The issue when television and film distort the reality of breast cancer, and why directors must capture it accurately.
No two victims of Breast Cancer have the same story. Yet, they all stories feature the horrific amount of trauma the disease inflicts. While it may or may not have beaten you, it will have left scars. This has attracted television and cinema to attempt to capture the disease on screen. But, what happens when what we watch creates a fantasy of the disease and distorts its reality?
When treating this type of cancer there are several approaches to surgical options. There’s a lumpectomy, a mastectomy or a double mastectomy, and then there’s the whole other story of whether this is to be done before or after chemotherapy treatment. There is vast debate about how this surgery fits into a woman’s feminist beliefs and journey. You might have heard of author Lizzie Stark’s piece about mastectomies as a betrayal to feminism. Stark herself underwent a mastectomy after a blood test revealed she had the harmful BRCA1 gene.
Here’s the thing, feminism is important, but so is staying alive. But this does not make process of removing your breasts, or part of them, easy or simple. The women facing this struggle are about to lose a part of themselves, and in my experience with the disease, feminism is not a part of their thought process at this moment. To imply otherwise is an injustice to this huge surgery. The 2015 movie “Miss You Already” succeeds in tackling this. Milly, an eccentric character who is coping with the news of needing a mastectomy, gets extremely drunk and reveals her concerns surrounding her individuality to her best friend. Obviously, not everyone responds to the news in this way, but the movie does capture a women’s fear of losing a part of her.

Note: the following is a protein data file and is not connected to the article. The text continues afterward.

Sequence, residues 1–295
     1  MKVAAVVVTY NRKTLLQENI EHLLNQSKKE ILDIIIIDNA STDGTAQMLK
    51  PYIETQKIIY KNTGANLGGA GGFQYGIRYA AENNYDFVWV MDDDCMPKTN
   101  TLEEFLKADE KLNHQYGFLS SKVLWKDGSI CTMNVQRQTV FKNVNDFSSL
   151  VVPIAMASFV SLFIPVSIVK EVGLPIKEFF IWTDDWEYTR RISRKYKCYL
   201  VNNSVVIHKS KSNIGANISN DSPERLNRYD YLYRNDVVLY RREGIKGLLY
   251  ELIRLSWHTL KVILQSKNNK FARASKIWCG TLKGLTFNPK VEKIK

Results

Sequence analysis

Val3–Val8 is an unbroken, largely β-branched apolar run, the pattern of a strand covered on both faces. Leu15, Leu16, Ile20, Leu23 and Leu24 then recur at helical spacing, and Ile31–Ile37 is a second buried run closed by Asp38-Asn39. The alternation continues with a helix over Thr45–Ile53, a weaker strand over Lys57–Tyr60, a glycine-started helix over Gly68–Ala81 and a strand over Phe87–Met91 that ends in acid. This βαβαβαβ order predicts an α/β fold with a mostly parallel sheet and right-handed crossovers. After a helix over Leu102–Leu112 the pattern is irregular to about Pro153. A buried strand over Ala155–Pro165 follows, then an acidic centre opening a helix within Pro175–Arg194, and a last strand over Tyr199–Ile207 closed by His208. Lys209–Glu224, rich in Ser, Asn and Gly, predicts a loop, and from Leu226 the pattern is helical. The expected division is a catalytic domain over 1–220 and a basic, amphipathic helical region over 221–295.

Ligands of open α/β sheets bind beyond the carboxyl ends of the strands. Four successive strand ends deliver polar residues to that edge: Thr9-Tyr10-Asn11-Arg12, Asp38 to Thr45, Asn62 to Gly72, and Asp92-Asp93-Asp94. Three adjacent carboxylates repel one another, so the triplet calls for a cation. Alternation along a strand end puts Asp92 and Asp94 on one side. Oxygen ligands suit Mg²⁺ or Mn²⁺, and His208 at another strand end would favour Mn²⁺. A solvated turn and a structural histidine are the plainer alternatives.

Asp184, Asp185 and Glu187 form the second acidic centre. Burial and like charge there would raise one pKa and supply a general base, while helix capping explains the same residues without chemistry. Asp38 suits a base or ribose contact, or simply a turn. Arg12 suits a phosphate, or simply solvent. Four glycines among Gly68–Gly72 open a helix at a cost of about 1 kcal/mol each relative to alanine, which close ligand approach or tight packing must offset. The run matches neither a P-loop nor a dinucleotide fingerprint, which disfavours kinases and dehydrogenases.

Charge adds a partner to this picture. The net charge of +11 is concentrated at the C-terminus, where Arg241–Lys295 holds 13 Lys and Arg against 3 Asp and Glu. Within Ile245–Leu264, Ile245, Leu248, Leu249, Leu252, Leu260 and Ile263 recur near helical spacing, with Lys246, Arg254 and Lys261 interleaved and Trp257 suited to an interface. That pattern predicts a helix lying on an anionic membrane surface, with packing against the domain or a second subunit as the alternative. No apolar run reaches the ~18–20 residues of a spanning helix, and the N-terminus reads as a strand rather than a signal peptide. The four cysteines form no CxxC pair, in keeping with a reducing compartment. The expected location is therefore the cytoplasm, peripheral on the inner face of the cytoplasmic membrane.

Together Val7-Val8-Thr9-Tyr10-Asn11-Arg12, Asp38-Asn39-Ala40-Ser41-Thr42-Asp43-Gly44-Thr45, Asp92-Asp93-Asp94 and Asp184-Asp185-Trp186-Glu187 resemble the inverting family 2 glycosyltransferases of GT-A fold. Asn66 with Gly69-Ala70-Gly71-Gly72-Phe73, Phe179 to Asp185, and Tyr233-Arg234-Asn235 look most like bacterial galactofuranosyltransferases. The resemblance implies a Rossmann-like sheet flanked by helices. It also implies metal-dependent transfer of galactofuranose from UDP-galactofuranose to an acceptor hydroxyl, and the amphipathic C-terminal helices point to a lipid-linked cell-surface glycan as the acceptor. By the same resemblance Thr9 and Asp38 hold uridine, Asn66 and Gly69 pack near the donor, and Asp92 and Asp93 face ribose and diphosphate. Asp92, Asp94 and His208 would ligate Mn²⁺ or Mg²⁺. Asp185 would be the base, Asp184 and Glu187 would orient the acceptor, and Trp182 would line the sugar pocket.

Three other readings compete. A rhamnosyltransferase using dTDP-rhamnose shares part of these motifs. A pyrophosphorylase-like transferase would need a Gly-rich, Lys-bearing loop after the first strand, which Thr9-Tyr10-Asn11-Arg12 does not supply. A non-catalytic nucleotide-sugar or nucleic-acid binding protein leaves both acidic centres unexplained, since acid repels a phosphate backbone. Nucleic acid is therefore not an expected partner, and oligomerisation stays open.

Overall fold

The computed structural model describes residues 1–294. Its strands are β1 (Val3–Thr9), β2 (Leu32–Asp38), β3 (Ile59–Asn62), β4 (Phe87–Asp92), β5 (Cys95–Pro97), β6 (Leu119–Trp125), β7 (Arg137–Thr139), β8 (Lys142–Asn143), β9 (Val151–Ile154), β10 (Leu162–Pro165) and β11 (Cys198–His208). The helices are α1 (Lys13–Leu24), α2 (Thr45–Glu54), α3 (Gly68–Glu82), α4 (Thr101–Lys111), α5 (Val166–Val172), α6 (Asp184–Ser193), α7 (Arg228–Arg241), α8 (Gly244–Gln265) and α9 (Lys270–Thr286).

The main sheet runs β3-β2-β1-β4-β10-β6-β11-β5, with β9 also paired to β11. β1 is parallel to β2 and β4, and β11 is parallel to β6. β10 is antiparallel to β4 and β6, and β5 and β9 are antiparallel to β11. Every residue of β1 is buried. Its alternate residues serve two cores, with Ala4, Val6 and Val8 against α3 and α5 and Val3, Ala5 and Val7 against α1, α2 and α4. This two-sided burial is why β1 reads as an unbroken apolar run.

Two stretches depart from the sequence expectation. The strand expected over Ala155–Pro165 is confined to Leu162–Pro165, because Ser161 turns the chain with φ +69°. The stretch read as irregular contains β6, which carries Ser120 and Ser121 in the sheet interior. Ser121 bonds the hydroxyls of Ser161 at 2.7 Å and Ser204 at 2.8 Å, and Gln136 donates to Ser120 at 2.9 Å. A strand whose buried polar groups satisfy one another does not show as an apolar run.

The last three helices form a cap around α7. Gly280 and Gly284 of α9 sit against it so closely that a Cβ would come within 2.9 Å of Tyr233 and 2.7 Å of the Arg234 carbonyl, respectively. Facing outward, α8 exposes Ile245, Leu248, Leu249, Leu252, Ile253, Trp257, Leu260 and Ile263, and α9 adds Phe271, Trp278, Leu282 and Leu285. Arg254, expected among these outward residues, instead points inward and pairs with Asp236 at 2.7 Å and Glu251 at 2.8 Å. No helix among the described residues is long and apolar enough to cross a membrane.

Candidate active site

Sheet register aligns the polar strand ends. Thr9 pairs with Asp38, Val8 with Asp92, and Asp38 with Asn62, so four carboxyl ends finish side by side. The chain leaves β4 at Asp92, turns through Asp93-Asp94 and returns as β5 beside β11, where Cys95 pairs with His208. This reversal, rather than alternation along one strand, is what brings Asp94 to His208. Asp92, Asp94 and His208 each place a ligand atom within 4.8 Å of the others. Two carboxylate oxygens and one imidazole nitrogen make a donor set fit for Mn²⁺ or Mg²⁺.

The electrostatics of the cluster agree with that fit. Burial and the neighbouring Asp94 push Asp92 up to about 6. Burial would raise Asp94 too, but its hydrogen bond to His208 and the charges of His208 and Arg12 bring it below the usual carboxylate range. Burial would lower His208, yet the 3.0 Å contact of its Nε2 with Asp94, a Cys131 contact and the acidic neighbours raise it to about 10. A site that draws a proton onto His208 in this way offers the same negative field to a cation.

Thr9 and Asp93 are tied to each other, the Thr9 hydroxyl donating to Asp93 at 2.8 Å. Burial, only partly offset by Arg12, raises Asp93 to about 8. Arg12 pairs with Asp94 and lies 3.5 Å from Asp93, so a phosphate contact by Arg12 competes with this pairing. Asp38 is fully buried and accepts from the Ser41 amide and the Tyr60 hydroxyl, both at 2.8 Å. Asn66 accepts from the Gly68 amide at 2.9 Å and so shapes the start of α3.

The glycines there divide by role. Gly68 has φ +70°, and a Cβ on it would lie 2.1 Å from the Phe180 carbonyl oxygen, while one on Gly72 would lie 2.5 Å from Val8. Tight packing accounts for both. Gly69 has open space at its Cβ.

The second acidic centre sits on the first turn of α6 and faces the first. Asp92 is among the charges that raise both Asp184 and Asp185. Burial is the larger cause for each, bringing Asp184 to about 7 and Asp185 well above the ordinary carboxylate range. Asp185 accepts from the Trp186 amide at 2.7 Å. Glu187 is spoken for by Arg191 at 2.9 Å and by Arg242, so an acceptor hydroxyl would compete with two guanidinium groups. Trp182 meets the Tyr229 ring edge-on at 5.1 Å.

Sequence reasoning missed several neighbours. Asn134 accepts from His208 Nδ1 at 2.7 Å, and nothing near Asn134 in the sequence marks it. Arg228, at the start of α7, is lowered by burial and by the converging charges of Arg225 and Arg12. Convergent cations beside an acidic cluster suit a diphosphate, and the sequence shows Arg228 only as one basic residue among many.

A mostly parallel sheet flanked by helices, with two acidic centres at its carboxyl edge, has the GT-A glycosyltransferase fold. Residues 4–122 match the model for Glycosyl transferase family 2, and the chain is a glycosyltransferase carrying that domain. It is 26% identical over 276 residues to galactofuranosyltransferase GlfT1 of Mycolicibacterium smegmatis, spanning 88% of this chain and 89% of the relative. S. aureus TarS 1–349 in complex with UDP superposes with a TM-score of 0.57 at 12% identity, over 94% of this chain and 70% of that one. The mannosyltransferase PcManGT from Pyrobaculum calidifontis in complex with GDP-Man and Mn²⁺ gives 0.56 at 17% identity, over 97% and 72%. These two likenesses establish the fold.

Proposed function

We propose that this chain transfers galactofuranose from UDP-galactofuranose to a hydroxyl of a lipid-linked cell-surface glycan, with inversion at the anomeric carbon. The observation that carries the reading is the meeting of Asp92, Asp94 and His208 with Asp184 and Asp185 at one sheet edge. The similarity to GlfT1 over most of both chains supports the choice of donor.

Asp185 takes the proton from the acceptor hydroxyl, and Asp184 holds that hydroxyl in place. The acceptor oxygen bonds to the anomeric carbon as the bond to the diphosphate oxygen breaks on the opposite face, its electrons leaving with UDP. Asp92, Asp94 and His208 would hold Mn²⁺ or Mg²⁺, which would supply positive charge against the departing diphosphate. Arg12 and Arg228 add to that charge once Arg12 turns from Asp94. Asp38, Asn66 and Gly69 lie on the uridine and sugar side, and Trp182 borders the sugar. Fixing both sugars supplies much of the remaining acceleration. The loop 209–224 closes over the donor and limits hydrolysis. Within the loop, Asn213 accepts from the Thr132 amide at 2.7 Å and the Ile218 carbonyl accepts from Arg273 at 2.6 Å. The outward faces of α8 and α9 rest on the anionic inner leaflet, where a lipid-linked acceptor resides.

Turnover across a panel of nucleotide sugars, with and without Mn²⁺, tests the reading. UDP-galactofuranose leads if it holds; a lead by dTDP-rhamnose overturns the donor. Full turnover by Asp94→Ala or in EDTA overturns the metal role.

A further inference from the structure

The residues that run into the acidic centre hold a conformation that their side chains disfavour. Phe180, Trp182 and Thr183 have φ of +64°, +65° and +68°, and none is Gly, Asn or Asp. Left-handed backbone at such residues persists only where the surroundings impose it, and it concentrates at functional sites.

Chemotherapy is an issue that adaptations can’t avoid when taking on stories of breast cancer. This is a treatment where the patient is pumped full of poison to kill the cancer cells, yet they also affect healthy cells in the body, making you very ill. In a moment of heartbreak for viewers, the show “Sex and the City” failed so spectacularly at capturing the trauma behind this. The episode shows feisty character Samantha receiving her treatment with her 3 friends surrounding her, giggling about each other’s boyfriends and licking on popsicles, which survivor and novelist Meredith Goldberg called “unrealistic”. If this isn't enough of a kick in the teeth, the character Carrie later exclaims how if “you throw in shuffleboard it would be like a vacation in Miami!” When I accompanied my Mum to chemo treatment, if we had gone round the exemplary Cancer centre, The Royal Marsden Hospital, looking for a room with Carrie’s description we’d probably still be wandering the halls. As someone who has sat in a chemotherapy room, this scene could not be further from the truth and is a vast disservice to those who have experienced the treatment.
Breast cancer does not end on the last day of treatment. The medication patients are prescribed can have side effects for many years to come. For example, Tamoxifen, which is used to prevent the cancer cells returning, can cause early menopause with increased symptoms. Ironically, in the same series this is an issue “Sex and the City” does get right. While having to give a speech at an event, Samantha is clearly suffering under the debilitating hot flushes women can face. In a moment of frustration, she throws off her wig and dabs herself with her notecards while the fellow survivors in the crowd begin to applaud and join in. This scene often brings a tear to my eye as it accurately depicts an aspect of life after breast cancer.
Perhaps, due to this sense of individual experience, directors and producers are fighting a losing battle when creating an adaptation portraying breast cancer. How Hollywood approaches breast cancer is highly complex, and one article cannot possibly encompass the whole picture. All I know is these women are the real embodiment of strength in the face of darkness. Out of respect, producers must be make it a priority to capture their stories accurately.